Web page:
.After the Women’s Marches: What’s Next?

MariaElena De La Garza, executive director of the Community Action Board of Santa Cruz County, says she was feeling discouraged and hopeless the day before the Women’s March in downtown Santa Cruz on Saturday, Jan. 21.

“I know the organizers talked about 1,200 people,” says De La Garza. “In my head, I thought I was going to give a speech to a group inside of the Louden Center. And when I realized the magnitude of the movement, it took my breath away. I had a physical reaction to the magnitude of the moment. And I’m emotional about it still.”

According to SCPC, an estimated 10,000 came out to march. The crowd, which included not just women in a sea of knitted hats, but also boyfriends, husbands, men and children, with signs bearing a multitude of unique messages, was “overwhelmingly supportive [of police presence],” says Joyce Blaschke, SCPD spokesperson. “The crowd was energized, but there were no incidents of violence or vandalism.”

For De La Garza, who was among several community members to speak from the stage outside of the Louden Nelson Community Center following the march, the event reinstated hope.

“It reignited for me the power of what people coming together can do,” says De La Garza, who introduced herself as a 51-year-old Latina-Chicana-Mexican woman, born and raised in Watsonville to parents who came here for a better life.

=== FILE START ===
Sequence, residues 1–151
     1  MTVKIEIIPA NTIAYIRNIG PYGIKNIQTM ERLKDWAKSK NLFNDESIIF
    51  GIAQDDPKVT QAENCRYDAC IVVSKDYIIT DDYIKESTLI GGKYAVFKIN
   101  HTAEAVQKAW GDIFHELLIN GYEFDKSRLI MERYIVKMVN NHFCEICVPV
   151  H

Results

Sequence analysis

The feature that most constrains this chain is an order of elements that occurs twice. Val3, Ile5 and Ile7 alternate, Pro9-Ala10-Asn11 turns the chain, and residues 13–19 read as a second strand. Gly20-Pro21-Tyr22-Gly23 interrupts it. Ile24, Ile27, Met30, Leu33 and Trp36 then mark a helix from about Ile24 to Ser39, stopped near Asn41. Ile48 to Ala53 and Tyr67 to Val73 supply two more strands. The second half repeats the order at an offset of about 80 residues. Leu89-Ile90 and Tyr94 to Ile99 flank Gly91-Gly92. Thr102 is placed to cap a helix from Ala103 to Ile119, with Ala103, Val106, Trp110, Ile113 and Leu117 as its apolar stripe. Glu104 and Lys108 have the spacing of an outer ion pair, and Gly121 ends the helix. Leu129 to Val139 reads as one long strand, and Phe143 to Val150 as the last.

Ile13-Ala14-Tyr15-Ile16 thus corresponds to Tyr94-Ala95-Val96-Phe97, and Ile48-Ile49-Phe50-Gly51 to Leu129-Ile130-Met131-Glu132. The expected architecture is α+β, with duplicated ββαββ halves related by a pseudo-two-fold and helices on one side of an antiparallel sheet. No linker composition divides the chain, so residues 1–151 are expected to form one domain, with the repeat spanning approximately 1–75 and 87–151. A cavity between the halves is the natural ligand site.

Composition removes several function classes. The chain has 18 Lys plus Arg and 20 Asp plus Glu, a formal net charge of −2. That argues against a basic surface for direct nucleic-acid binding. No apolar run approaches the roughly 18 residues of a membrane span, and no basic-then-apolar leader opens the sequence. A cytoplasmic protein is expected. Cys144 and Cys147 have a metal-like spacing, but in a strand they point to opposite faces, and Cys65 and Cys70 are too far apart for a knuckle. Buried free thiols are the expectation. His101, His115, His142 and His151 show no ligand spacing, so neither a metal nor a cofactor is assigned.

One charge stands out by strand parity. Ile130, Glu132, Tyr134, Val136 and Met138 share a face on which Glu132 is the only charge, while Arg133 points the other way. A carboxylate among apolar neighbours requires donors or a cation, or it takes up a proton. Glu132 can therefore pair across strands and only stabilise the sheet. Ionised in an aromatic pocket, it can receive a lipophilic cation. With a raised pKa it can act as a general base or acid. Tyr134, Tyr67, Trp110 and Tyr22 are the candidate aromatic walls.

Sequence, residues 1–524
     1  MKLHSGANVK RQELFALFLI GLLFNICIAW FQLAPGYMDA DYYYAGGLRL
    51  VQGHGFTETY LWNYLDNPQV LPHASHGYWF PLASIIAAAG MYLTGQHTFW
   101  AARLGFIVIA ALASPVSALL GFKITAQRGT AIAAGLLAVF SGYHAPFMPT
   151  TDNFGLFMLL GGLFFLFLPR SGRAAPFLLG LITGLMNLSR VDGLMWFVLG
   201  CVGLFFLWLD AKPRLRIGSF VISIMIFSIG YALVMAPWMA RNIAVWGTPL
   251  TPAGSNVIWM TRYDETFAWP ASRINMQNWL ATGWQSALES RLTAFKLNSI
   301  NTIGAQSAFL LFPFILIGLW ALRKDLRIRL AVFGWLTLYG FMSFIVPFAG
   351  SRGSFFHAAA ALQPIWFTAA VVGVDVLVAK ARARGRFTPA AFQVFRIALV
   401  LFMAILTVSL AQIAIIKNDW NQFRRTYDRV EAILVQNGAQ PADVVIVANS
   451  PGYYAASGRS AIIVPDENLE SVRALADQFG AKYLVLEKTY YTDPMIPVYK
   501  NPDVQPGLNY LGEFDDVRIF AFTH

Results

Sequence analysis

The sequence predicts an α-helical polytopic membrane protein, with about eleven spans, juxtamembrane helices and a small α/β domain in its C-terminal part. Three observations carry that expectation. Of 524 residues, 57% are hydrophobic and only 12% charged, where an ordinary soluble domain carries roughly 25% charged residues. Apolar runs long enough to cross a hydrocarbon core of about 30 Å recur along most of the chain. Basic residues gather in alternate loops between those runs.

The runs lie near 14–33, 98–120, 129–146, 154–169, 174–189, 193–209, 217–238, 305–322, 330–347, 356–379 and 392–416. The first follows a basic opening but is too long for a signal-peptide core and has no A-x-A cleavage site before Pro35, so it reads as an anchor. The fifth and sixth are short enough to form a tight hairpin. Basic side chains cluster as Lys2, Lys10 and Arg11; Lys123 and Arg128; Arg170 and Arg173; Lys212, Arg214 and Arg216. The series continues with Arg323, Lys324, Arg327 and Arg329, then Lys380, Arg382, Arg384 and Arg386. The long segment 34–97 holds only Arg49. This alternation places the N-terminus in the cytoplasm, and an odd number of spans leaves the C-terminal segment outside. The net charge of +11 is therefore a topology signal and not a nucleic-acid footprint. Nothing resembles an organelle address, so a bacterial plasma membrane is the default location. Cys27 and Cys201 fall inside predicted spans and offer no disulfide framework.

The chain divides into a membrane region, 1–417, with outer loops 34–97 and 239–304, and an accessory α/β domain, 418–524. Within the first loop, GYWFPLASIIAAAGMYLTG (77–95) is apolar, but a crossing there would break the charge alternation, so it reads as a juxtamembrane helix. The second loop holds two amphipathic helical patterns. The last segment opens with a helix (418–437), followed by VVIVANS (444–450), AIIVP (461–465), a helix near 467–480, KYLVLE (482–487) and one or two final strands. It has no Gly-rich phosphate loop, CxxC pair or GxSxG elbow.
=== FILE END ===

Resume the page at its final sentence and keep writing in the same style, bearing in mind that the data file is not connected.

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De La Garza spoke in specific terms about what community action looks like here in this county: “Do you know that in Davenport there are 11 ranchos with over 250 farmworker families who are impacted by poverty every day—and they pick your Brussels sprouts? … Knowing it is one step. Agradeciendo, being grateful is a second step. And the third step is to be in action and solidarity and support who they are in your community.”

Just a few days after receiving a phone call from Dr. Ann López of the Center for Farmworker Families, De La Garza says 30 pallets of food were sent by the Food Bank to an undisclosed location in Watsonville for the indigenous Oaxacan community, who had been without food due to rain cancelling work and an avoidance of food distribution centers due to fear. “That is what community action looks like!” De La Garza said in her speech.

Small personal acts are just as important, says De La Garza, like finding a cause you’re passionate about and volunteering, or making a donation.

“I’ve been in nonprofits for 26 years, and one dollar makes a difference,” says De La Garza.
She also challenges community members to not only sit on boards and decision-making groups but to also have the courage to stand up for a leadership that includes people of color and fairly represents the community it’s responsible for representing.

De La Garza’s last point invited North County residents to take part in perhaps the easiest form of activism there is: “Do you know that in Watsonville, you can find the most amazing, loving, welcoming community that some people are afraid to go to? I ask you to shop in Watsonville, to eat in Watsonville, to visit the Farmers Market in Watsonville, to get involved in Watsonville. We need you.” 


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